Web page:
Love it! Love it all. All true and well stated. Entertaining, too, especially #4. Hilariously true. Thanks for an articulate lol!
LinkedIn is, far and away, the most advantageous social networking tool available to job seekers and business professionals today. Far and away.
So why is it that so many of us stink at LinkedIn etiquette?
That’s right, folks. We stink at it.
We send out lazy, generic connection requests. We ask people we barely know for recommendations. We ambush people, asking for favors before we’ve ever spent even two seconds of time building rapport. We shove our Tweets through our LinkedIn feeds, even though half the people on LinkedIn could care less about Twitter.
You want to use LinkedIn to your massive networking advantage? Then you need to start working strategically and mindfully. And before you even think about logging on next time—you need to digest a few basic rules of etiquette.
1. Generic Requests are for Suckers
I’m going to assume that you use care in selecting who you’re going to invite into your LinkedIn network (you should). Why then, do you send them this note: “Debbie has indicated you are a friend?”
This generic invite is a huge turnoff to the majority of LinkedIn users—especially those who get dozens of requests each week, or who don’t really know who you are or why you’re attempting to link up. (Fact: I ignore each and every generic connection request I get.)
You absolutely must send a personalized note to every single person you’d like to connect with, telling them who you are and why you’re inviting them to connect. Sure, some of these people are your pals and they’ll know you right away. But in every instance that you extend an invite to a professional (or relatively unknown) contact? You have to introduce yourself and outline your goals and intentions.
2. When You Ask for a Recommendation, Be Specific (and Know the Person)
Clearly, LinkedIn recommendations can be massively advantageous. Third-party endorsements are job-seeking gold, especially when they come from clients, supervisors, or prominent professionals. So, don’t squander this opportunity by sending a vague or wishy-washy request for the recommendation (and definitely don’t ask people you barely know for an endorsement).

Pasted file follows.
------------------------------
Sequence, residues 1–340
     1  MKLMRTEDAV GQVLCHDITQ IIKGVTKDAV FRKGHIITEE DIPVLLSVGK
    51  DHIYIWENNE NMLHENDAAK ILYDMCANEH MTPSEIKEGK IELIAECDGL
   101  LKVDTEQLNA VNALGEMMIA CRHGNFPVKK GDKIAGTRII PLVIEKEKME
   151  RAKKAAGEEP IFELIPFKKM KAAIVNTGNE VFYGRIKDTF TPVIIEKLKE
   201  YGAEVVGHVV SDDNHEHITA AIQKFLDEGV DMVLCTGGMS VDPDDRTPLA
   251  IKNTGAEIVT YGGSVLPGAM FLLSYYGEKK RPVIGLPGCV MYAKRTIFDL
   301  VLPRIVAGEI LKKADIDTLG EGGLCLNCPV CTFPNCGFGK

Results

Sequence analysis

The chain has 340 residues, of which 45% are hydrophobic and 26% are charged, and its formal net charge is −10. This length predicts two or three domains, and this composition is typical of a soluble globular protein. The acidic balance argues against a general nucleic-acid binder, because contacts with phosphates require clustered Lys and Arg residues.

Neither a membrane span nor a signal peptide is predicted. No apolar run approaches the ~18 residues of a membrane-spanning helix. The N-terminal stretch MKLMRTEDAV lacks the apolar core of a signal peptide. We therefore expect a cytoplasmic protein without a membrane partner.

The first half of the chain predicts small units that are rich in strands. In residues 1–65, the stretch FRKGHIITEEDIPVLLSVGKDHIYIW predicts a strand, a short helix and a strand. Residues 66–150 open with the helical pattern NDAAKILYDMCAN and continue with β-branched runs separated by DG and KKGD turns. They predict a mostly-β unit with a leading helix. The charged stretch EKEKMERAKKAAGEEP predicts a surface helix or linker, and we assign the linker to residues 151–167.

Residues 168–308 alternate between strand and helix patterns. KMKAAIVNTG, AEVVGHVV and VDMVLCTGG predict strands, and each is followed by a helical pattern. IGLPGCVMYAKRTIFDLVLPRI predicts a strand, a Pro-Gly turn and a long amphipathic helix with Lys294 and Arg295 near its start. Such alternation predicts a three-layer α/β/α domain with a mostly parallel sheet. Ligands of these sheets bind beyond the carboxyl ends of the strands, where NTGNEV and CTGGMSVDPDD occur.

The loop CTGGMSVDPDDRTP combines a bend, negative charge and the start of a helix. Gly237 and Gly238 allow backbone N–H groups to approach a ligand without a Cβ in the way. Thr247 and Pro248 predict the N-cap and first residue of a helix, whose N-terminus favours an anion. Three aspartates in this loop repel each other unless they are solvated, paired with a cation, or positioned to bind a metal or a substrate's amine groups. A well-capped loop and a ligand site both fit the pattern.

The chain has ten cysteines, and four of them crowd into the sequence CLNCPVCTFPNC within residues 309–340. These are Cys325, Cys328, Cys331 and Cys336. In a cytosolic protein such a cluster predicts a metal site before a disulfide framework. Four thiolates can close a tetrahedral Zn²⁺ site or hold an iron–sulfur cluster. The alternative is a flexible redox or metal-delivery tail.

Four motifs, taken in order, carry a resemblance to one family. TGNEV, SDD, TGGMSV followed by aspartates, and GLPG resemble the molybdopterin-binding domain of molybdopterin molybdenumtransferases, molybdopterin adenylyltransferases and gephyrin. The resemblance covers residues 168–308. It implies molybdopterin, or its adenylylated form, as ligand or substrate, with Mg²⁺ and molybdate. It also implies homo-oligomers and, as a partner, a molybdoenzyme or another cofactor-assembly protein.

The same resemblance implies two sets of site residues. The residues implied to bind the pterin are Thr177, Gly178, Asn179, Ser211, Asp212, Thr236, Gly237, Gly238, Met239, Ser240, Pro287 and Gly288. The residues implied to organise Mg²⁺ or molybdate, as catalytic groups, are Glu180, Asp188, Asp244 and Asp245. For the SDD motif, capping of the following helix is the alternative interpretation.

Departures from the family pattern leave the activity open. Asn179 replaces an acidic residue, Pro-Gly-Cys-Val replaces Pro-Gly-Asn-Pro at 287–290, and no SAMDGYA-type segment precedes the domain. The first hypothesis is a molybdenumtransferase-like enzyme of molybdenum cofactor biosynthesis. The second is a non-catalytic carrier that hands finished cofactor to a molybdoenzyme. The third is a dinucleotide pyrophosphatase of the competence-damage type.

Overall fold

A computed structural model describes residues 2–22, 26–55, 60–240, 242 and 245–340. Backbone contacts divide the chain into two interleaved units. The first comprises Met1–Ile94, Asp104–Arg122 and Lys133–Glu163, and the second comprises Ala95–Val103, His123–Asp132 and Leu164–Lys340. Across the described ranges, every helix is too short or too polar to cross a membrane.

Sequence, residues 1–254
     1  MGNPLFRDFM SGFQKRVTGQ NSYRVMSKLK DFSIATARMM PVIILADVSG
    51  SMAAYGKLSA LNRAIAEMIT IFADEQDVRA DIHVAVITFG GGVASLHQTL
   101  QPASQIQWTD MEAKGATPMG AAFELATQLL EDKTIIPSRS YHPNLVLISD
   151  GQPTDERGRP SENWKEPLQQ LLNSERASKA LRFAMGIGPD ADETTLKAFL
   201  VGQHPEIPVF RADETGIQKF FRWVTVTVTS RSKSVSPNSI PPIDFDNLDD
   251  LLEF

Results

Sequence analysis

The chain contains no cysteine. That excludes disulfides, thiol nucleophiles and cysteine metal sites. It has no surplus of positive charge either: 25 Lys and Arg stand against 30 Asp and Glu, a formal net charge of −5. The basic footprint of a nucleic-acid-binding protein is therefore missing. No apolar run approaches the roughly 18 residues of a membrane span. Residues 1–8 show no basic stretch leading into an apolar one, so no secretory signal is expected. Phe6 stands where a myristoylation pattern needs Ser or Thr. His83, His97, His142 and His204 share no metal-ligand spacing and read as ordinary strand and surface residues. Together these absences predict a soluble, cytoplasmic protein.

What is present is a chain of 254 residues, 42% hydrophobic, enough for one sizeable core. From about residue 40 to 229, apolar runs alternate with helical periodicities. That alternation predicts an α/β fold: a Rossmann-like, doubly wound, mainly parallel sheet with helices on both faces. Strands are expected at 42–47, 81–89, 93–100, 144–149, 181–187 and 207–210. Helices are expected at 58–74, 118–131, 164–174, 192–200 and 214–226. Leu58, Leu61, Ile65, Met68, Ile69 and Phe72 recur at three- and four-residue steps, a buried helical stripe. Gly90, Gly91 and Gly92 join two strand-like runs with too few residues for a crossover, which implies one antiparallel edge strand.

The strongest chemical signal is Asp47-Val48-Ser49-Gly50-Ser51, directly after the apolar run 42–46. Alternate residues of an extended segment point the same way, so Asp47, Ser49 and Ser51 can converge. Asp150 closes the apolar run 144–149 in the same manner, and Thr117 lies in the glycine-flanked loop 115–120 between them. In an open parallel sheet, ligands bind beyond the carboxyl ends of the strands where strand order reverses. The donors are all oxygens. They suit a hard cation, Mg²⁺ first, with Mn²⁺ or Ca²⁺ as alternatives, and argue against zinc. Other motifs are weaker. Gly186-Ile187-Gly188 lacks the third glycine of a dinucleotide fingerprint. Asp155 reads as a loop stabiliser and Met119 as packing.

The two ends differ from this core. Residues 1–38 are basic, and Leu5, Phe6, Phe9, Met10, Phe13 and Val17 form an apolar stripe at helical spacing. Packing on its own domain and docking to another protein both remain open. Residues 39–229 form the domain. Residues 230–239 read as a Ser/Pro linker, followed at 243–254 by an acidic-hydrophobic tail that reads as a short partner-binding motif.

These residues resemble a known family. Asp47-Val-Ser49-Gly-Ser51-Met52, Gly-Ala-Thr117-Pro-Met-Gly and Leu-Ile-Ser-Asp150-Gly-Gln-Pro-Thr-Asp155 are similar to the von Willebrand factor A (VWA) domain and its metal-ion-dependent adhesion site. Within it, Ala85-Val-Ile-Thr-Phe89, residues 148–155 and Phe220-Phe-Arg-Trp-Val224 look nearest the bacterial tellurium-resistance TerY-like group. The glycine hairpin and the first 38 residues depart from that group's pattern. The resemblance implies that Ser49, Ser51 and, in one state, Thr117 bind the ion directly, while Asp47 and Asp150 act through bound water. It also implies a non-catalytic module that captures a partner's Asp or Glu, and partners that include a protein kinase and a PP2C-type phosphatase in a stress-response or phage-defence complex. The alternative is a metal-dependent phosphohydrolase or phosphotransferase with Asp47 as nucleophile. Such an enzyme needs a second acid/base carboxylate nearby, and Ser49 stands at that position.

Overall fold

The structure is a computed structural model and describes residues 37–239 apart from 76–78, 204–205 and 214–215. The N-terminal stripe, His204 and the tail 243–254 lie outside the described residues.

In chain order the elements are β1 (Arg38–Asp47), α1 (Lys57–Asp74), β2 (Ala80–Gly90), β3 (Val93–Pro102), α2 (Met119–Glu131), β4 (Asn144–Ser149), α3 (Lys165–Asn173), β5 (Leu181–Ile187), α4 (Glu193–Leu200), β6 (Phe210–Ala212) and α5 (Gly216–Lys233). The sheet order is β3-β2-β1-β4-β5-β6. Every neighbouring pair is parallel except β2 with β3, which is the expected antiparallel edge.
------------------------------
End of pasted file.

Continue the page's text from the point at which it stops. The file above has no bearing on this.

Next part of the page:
A great request will let the person know why you’re approaching, what, specifically, you’re looking for, and for what you intend to use the recommendation. Example:
Hi Susan, I’m currently seeking a new project management opportunity and wanted to ask if you’d be willing to provide a recommendation outlining your experience working with me. Specifically, I’m looking at positions that require an ability to view the ‘big picture’ and then assemble resources to ensure a project is completed on time and to budget.
If you could speak to my skills with managing both ‘big picture’ projects and critical details, I would be very grateful.”
It’s also a good idea to email the person directly before you send the LinkedIn recommendation request. This helps ensure that no one feels ambushed or obliged.
3. Avoid the Default Text Like the Plague
LinkedIn has some very nifty templates and default text available, which makes it so easy to do things like request an introduction to someone’s contact. Don’t do it. Just like you’re not going to send a generic connection request, you absolutely cannot use the LinkedIn default text to communicate with professional contacts. Make it personal. Make it specific. Make it clear that you’re not the laziest person alive.
4. Stop Tying Your Tweets to Your LinkedIn Feed
I don’t care how simple HootSuite and TweetDeck make it for you to integrate your Twitter feed into your LinkedIn status updates. Resist the urge. You’re dealing with two entirely different audiences, with different personalities, writing styles, and lingo.
Twitter is like a summer cocktail party. In all likelihood, not many people will bat an eye if you get drunk and fall into the pool. LinkedIn is the mixer that follows your big professional conference. Surely, you can be conversational in your LinkedIn updates. You just can’t get drunk and fall into the pool. Big difference—and good reason not to integrate the two.
5. Review Spelling and Grammar Like Your Life Depended on It
I’m continuously simultaneously entertained and horrified by the sloppy mistakes that come my way in LinkedIn requests. You want to establish a great connection or score a favor, introduction, or recommendation? Spell well. Brand yourself right from the start as a smart, articulate, and precise human being.
When it comes to LinkedIn, stop stinking, start thinking. And use these rules as your compass.